Poignantly named 'For You The Traveller', artist Nabil Sabio Azadi's new book is a collection of notable names, stories, telephone numbers, and hand-drawn maps as a 'Human Guide to the World'. From metalworkers, farmers, artists, writers, and scientists to designers and shipwrights from around the globe, the hand-bound rabbit fur books feature insightful snippets to local regions in Greece to Kenya to New Zealand. Dazed spoke to Azadi about the nomadic lifestyle and the gifts it bestows...
Dazed Digital: Why was it important to put this book together?
Nabil Sabio Azadi: A friend of mine recently observed that as person I'm very preoccupied with this idea of communitas — the intense, sacred way we all share and interact with each other over our lifetimes. I'd never even heard of this area of anthropological study but I had to agree with him because if there is one thing I know concretely about my art, it is that I'm trying to give people a sense of solidarity with it. This book is probably the most tangible way I've done it yet. For You The Traveller as a guide to the world and its people facilitates companionship and I see solidarity in that. Beyond bringing people together, the book is also a collection of parables: accompanying each person's telephone number is a lesson from their life. To me solidarity also means communicating universal experiences and emotions back to people in order to create a sense of communion.
DD: How did the project first come about and who was involved?
Nabil Sabio Azadi: I blame an afternoon in June — barely six months ago — when I was sitting in the sun with the dog here on the East Coast of Australia and the whole book hit me in the head. I'm not really an intellectual artist and my work doesn't come from any calculation. Like many people, I also live in a busy internal world where things present themselves to me however I personally feel that I'm sort of expected to bring them into existence. I am proudly just the General Contractor. Usually I end up working with photography and sculpture so in this instance I was being asked to do some things I'd never done like illustration, book-binding and working with fur. I told myself to buck up, started that night, and have spent every day on it since.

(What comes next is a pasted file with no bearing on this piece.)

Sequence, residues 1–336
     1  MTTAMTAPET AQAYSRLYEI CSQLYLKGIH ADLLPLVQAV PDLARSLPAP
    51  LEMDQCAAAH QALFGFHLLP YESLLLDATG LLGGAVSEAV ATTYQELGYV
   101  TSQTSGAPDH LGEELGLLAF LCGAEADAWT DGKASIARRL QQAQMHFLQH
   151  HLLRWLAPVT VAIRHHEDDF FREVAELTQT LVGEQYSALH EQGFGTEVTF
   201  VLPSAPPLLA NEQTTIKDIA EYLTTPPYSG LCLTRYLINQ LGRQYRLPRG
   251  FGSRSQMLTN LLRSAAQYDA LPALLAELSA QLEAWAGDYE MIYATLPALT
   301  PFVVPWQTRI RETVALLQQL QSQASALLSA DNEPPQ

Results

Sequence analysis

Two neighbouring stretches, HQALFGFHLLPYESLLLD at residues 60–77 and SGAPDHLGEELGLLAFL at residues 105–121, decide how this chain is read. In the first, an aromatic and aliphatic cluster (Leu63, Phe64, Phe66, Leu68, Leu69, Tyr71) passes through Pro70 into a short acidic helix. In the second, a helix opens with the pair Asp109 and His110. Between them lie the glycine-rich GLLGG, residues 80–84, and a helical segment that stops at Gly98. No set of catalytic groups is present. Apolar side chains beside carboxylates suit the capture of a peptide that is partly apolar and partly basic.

DD: What are the greatest things one can learn from a nomadic lifestyle?
Nabil Sabio Azadi: That the winds of change tend to favour the sails of those who politely yell out to it, "Nice to meet you!"
DD: Why do you encourage people to get out on to the road?
Nabil Sabio Azadi: There is kinship and adventure to be found on it. The road can be home and if you transact with people justly, they will help you.
DD: What has been your favourite/craziest memory from travelling in 2012?
Nabil Sabio Azadi: There have been waterfalls, tablelands, caves, wild animals from deer to kangaroos but, as many people would say, the most revelatory and absurd experience has been falling in love and getting a dog.
DD: The best place you have ever been to?
Nabil Sabio Azadi: The best place I have ever been to existed for approximately ten minutes and it was a wooden gazebo in Royal Park, Melbourne which a small group of close friends and I ritually dressed in long streams of toilet paper, drenched in hand sanitizer and set alight. It looked like a burning palace from heaven and the lashes of fire that night remain the most beautiful thing I've ever seen. I am told that the gazebo has since been rebuilt.
DD: Your dream destination?
Nabil Sabio Azadi: I would like to go inside the Chauvet-Pont-d'Arc Cave in Southern France. It has some of the earliest known cave paintings — they're incredible. Horses galloping across stone walls that were drawn about thirty thousand years ago. I wonder about Paleolithic people and what similarities we might have had to them emotionally. Anyway, no one is allowed in the cave in order to protect the internal atmosphere so give me a ticket to Easter Island instead and I'll show you a happy man.
Portraits by Angela Ferro
For You The Traveller is available for purchase online here